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Example 1 is clear, but this line is confusing in example 3 (I don't understand why it shows that these are not an element of the set). I have pasted example 1 for reference below.

"Modify Example 1 to consider the set of polynomials of degree ≤ 3 with f(1) = 1. Is this a vector space? Suppose we add two of the polynomials; then the value of the sum at x = 1 is 2, so it is not an element of the set. Thus requirement 1 is not satisfied so this is not a vector space. Note that a subset of the vectors of a vector space is not necessarily a subspace."

For reference, here is Example 1:

Example 1. Consider the set of polynomials of the third degree or less, namely functions of the form f(x) = a0 +a1x+a2x2 +a3x3. Is this a vector space? If so, find a basis. What is the dimension of the space?

We go over the requirements listed above:

1. The sum of two polynomials of degree ≤ 3 is a polynomial of degree ≤ 3 and so is a member of the set.

2. Addition of algebraic expressions is commutative and associative.

3. The “zero vector” is the polynomial with all coefficients ai equal to 0, and adding it to any other polynomial just gives that other polynomial. The additive inverse of a function f(x) is just −f(x), and −f(x) + f(x) = 0 as required for a vector space.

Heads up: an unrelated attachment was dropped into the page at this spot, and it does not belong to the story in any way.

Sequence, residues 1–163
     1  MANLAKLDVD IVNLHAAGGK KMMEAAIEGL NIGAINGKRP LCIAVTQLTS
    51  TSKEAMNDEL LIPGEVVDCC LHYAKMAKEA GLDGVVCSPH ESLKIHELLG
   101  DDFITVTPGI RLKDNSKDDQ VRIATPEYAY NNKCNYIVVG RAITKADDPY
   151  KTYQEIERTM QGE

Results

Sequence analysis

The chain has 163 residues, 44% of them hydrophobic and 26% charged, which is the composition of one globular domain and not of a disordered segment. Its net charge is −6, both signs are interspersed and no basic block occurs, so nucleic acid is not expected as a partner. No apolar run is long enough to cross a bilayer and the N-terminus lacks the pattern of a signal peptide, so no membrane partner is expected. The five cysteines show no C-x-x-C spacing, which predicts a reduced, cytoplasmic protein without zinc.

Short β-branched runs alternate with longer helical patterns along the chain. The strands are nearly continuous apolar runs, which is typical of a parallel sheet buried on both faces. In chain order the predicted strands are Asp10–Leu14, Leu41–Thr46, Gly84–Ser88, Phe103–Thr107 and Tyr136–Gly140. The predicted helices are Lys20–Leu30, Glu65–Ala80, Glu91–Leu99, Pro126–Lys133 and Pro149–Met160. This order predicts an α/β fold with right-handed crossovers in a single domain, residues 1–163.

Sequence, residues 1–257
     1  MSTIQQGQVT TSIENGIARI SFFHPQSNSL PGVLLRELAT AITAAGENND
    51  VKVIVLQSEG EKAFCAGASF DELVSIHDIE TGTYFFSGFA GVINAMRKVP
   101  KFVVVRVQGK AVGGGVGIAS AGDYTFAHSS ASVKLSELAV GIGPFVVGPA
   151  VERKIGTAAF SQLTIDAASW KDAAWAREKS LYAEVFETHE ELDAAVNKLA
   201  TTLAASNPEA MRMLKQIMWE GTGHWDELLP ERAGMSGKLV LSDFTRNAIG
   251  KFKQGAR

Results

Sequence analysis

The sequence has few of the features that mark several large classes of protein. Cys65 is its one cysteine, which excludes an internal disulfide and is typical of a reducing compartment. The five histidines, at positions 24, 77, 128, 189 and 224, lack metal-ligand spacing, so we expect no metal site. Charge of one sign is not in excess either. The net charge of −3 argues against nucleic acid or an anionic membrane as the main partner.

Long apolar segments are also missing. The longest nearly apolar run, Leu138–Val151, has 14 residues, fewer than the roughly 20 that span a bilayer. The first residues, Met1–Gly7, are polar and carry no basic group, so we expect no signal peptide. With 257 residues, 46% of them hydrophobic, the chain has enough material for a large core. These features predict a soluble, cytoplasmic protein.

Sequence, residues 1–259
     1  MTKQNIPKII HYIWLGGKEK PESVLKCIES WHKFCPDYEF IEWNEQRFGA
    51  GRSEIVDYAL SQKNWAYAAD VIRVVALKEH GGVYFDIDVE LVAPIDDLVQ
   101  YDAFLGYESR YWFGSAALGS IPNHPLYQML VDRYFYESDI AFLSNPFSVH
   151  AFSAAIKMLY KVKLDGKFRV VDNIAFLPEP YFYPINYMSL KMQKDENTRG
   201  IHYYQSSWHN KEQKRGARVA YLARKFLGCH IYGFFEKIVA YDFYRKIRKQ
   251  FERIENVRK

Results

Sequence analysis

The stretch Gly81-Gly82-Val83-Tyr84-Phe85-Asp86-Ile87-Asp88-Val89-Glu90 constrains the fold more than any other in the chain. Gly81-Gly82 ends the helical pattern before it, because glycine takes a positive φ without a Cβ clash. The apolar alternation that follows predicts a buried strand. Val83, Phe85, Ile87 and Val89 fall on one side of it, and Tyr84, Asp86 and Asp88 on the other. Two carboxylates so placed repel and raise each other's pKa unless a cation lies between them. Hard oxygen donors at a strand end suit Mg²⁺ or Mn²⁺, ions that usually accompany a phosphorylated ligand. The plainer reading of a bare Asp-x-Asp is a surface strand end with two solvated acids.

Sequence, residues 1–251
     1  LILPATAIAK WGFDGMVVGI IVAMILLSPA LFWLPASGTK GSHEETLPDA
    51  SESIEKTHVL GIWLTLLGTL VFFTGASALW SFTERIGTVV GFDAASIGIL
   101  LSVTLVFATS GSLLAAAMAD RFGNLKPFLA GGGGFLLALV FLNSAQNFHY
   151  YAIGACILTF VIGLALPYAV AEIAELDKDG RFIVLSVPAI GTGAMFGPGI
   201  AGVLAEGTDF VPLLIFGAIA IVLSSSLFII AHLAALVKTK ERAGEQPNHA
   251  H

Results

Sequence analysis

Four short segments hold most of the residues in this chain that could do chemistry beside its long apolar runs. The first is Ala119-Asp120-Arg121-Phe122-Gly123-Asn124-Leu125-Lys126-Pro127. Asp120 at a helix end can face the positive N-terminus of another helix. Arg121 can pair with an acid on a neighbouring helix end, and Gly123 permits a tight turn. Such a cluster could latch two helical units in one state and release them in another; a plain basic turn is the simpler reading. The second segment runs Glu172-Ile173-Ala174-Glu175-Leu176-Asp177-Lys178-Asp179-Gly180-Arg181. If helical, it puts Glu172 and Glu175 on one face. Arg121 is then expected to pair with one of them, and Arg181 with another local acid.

4. All the listed familiar rules are just what we do every time we work with algebraic expressions.

So we have a vector space! Now let’s try to find a basis for it. Consider the set of functions: {1, x, x2, x3}. They span the space since any polynomial of degree ≤ 3 is a linear combination of them. You can easily show (Problem 1) by computing the Wronskian [equation (8.5)] that they are linearly independent. Therefore they are a basis, and since there are 4 basis vectors, the dimension of the space is 4.

Thanks,

Chris Maness